“I always consider myself to be a pretty good breakfast cook that ended up as a singer,” Mark Lanegan told an interviewer in 2008. That would be a breakfast cook with a distinctively rich and grumbly baritone, in any case. And while the years have taken him on an unexpected musical journey—I mean, no one saw those three albums with Scottish singer/cellist Isobel Campbell coming—everything eventually reduces to that voice. While most facile efforts at pigeonholing Lanegan link him forever with the birth of grunge rock (his band, Screaming Trees, were one of Seattle’s best back in the day), there’s nothing particularly “grunge”-y about Lanegan, who did not fully explore the depth of his vocal tone until the Trees were history. His range and idiosyncrasy align him more with Tom Waits than Kurt Cobain.
Take “Gravedigger’s Song,” and listen to how the very rumble and swing of the music echoes the sound Lanegan makes. However hard-edged the vibe or menacing the lyrics with Lanegan there’s an inescapable caress involved; he sings to embrace you. And he embraces melody, however darkly presented. The music, meanwhile, is more canny than it lets on. As much as the song seems to draw on Delta blues for its spit and spirit, the thing nevertheless spills out with a triple-time feel. That juxtaposition, I think, opens the ear, at least for me, as I tend to like blues that are tweaked more than the standard-issue stuff. And note too that for all the percussive momentum here, the guitar is given the spine-tingling moments. That off chord it hits, first at 0:53, barely audible and yet seething with eloquence, just about nails the whole song—my ear semi-consciously salutes its return each time after that.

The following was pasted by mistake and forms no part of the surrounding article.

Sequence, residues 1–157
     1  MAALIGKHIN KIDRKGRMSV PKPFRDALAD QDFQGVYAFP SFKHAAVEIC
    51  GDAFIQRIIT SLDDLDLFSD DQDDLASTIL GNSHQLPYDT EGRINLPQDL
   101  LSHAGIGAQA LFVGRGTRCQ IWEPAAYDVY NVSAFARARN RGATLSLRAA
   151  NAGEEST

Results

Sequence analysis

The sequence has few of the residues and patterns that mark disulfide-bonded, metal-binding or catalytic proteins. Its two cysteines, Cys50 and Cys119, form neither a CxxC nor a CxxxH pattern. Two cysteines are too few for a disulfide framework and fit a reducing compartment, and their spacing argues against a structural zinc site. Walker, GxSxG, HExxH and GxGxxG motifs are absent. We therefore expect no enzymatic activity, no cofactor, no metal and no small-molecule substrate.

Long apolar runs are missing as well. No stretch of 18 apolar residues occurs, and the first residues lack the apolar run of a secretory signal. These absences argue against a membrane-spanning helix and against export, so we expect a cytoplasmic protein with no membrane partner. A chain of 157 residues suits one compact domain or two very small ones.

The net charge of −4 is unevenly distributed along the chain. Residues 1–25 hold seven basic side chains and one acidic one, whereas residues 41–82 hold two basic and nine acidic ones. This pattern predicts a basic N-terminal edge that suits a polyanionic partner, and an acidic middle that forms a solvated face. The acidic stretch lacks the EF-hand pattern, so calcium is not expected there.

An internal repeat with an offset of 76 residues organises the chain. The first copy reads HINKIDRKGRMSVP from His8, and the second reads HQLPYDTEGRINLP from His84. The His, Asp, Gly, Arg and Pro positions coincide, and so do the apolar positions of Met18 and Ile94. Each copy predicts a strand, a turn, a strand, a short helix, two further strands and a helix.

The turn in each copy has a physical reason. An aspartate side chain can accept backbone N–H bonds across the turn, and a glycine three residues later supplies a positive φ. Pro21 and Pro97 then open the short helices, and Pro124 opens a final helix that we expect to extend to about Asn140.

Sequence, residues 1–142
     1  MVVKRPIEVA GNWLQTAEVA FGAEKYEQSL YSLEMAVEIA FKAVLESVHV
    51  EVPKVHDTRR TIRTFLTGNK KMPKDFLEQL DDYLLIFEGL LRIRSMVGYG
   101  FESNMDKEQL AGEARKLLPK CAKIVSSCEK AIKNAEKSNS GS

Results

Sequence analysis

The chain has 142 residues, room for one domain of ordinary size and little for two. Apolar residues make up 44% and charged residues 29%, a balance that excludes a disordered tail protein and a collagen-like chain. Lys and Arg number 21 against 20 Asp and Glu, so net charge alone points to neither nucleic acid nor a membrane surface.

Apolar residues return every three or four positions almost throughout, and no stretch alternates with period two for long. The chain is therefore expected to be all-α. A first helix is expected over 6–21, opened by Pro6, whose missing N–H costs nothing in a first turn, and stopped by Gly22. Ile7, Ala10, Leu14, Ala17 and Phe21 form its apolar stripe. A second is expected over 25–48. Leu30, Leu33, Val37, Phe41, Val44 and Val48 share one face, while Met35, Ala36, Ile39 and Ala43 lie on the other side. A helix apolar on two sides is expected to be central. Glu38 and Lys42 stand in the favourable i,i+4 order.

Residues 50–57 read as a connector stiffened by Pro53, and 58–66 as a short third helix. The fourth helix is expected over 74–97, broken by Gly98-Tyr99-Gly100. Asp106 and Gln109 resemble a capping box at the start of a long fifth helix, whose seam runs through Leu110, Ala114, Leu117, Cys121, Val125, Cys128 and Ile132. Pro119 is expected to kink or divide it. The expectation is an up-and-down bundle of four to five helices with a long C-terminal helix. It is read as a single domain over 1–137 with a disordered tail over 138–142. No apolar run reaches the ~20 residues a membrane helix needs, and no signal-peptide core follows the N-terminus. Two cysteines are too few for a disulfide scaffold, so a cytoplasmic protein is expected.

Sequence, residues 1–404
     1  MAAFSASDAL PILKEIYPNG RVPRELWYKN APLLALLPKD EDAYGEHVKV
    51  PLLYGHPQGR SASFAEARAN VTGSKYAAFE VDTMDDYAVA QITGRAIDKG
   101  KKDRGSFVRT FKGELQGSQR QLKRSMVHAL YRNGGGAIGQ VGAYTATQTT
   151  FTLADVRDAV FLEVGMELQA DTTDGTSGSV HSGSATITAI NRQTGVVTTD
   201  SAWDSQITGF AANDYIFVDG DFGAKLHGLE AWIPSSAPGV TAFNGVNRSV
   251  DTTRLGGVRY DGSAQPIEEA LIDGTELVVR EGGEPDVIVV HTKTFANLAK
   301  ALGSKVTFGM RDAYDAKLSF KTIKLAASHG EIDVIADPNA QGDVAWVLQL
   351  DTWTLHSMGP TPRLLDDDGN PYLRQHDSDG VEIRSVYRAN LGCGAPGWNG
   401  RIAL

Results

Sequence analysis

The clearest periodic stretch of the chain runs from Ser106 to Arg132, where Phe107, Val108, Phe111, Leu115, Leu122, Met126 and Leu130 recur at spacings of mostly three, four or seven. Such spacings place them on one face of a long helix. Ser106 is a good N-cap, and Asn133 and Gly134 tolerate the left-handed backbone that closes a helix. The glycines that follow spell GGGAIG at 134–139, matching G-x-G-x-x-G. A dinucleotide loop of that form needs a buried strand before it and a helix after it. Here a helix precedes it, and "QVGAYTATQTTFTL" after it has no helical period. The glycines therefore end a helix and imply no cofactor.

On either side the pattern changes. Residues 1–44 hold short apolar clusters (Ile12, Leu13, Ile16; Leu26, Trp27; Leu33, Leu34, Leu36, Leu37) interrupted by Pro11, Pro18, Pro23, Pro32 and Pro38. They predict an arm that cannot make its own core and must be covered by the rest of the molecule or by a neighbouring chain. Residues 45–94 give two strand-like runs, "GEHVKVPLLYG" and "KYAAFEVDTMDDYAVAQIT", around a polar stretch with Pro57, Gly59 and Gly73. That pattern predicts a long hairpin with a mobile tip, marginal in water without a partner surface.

“Gravedigger’s Song” is from the album Blues Funeral, released in February on 4AD Records. It’s his seventh solo album, and his first since 2004’s Bubblegum, as well as his first following the Campbell trilogy (note they were featured once on Fingertips, in January 2006.) MP3 via 4AD Records. Thanks to Largehearted Boy for the lead.
And I may as well point out that Lanegan has also been featured here for his duet with the Swedish singer/songwriter Maggie Björklund, in May of last year.
photo credit: Anna Hrnjak